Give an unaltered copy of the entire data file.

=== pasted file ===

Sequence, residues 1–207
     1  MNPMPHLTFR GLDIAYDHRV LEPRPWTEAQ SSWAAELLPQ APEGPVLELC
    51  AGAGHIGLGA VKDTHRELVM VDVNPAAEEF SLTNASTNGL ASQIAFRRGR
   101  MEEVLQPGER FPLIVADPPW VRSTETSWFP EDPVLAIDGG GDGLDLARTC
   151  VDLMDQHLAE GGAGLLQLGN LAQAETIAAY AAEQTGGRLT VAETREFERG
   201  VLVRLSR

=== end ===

Sequence, residues 1–207
     1  MNPMPHLTFR GLDIAYDHRV LEPRPWTEAQ SSWAAELLPQ APEGPVLELC
    51  AGAGHIGLGA VKDTHRELVM VDVNPAAEEF SLTNASTNGL ASQIAFRRGR
   101  MEEVLQPGER FPLIVADPPW VRSTETSWFP EDPVLAIDGG GDGLDLARTC
   151  VDLMDQHLAE GGAGLLQLGN LAQAETIAAY AAEQTGGRLT VAETREFERG
   201  VLVRLSR